The For the People Act is a historic piece of voting rights legislation that, if passed, would be the largest voting expansion bill since the Voting Rights Act. The bill passed the House along a party line vote, and is currently in consideration in the Senate. Among the provisions of the legislation are the establishment of automatic voter registration, requiring independent redistricting commissions to tackle gerrymandering, the restriction of dark money donations, the expansion of absentee voting and much more. Passing the legislation largely depends on whether Democrats will choose to eliminate the filibuster, which mandates a 60-vote threshold for bills to pass the chamber. 

While the For the People Act rightly gets a lot of attention, there are other vital pieces of legislation that Democrats in Congress are working to pass, too. The John Lewis Voting Rights Advancement Act would restore the preclearance requirements of the Voting Rights Act after a conservative U.S. Supreme Court gutted this key enforcement mechanism that ensures states with histories of discriminating against minority voters are subject to federal oversight when passing new election laws. The Vote at Home Act would establish national no-excuse vote-by-mail, further fund the USPS and enact automatic voter registration. And D.C. statehood could finally become a reality with H.R. 51, which has passed the U.S. House and now heads to the Senate. The passage of any of these bills would dramatically expand access to the vote in this country. 

In the White House

President Biden has thrown his support behind the For the People Act, and made some other important advances for voting rights since taking office. In March, he signed an Executive Order to strengthen voting rights, directing the federal government to study various ways to expand access to the ballot. The goals of this study include recommendations on making federal workers and resources available to help staff polling locations, as well as allowing federal agencies to share data with states that wish to establish automatic voter registration efforts. The President also ordered a commission of legal experts to study expanding the Supreme Court — a topic of much debate that could have serious implications for the future of voting rights. The commission is expected to wrap up its research this year.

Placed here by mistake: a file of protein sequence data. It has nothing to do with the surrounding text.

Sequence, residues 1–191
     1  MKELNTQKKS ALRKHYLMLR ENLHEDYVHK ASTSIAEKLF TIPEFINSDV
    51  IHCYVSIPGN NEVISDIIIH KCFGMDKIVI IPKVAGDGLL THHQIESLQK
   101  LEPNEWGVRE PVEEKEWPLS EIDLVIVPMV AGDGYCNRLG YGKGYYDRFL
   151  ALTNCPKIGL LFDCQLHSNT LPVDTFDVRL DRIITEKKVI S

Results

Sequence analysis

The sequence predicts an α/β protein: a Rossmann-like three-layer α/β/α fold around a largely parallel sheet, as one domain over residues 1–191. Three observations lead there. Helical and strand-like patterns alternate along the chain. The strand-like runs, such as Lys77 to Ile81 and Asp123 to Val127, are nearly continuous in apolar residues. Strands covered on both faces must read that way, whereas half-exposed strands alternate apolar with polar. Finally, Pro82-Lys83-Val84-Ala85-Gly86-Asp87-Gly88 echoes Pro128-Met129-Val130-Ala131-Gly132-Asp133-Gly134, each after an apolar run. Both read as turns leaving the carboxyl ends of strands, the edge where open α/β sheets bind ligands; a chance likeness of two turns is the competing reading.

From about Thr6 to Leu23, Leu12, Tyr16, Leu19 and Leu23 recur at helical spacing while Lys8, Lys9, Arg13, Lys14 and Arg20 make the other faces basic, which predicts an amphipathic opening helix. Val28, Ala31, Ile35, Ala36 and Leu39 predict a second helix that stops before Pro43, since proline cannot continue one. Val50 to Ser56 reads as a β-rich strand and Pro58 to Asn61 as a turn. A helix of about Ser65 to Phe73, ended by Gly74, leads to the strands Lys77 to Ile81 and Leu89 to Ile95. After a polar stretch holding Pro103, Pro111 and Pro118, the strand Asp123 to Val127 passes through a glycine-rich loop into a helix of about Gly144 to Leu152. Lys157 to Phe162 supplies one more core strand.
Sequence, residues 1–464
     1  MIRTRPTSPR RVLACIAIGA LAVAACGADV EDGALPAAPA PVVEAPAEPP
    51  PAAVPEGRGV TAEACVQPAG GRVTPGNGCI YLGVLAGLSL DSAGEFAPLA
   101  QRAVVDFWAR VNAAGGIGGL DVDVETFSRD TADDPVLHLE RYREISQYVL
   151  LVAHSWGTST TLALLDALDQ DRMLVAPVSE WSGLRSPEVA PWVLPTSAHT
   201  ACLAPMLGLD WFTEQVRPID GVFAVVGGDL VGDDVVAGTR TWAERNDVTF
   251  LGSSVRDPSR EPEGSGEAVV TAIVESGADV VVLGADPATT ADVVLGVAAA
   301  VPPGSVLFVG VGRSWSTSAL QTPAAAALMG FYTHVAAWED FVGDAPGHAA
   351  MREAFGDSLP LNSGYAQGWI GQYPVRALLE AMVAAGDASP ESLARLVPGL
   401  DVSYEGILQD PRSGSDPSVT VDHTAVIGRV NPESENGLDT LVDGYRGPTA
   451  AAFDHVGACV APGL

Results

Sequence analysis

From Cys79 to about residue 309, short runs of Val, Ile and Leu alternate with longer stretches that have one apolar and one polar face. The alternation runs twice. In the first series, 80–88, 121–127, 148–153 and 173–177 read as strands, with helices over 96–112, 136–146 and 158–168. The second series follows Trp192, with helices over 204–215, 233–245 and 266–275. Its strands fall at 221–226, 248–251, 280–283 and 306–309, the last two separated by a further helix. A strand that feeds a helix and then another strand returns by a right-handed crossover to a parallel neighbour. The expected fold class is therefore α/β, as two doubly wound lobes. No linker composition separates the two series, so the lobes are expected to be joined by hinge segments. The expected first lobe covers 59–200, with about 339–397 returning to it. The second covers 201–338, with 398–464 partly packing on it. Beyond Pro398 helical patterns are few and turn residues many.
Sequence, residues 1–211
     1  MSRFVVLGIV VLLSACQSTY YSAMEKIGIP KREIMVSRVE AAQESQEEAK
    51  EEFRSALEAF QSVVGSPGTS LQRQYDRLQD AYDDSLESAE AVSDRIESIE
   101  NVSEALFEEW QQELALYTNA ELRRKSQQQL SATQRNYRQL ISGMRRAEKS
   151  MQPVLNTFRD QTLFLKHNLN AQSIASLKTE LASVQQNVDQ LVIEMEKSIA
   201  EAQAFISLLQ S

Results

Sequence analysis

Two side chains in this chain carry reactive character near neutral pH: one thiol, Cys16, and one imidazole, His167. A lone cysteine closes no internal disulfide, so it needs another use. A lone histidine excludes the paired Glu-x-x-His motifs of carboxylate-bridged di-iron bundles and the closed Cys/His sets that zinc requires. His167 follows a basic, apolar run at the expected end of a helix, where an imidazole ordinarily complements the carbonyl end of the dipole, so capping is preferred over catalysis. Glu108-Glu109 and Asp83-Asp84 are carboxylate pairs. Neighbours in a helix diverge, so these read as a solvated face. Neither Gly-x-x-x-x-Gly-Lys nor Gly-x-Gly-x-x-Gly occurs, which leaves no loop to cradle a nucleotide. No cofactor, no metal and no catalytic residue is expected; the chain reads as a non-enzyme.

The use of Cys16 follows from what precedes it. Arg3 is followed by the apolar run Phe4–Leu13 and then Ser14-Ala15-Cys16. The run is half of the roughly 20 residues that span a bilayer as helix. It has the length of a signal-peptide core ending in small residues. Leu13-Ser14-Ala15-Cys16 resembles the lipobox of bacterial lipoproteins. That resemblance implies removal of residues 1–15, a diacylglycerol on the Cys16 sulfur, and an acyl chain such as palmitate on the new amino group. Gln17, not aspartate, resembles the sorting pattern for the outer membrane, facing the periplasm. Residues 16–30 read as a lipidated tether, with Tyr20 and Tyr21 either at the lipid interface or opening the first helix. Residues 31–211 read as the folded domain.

3. Democrats are fighting back with lawsuits.

Finally, in states where Republicans manage to pass voter suppression laws, they are immediately subject to a host of lawsuits from voting rights advocates, voters and organizations who will fight for every last voter’s voice in court. We’re tracking cases against the omnibus election bills in Georgia and Iowa, and recently-filed complaints against two new election laws in Montana. As redistricting kicks off and Republicans attempt to rig the process in their favor, you can be sure there will be a legal fight to stop them. We’ll keep you up to date as these important cases make their way through the courts. 

Here at Democracy Docket, we’re fighting back against every single voter suppression bill that Republicans propose across the country — even after the first 100 days. But we’re also celebrating the advancements made thanks to elected Democrats across the country, and pushing for significant federal action that could change the course of history for voting rights. To stay up to date with all voting rights news, good and bad, follow our Alerts page.

We’ll be keeping up the fight to ensure the next 100 days of the Democracy Agenda will see as many successes as the first!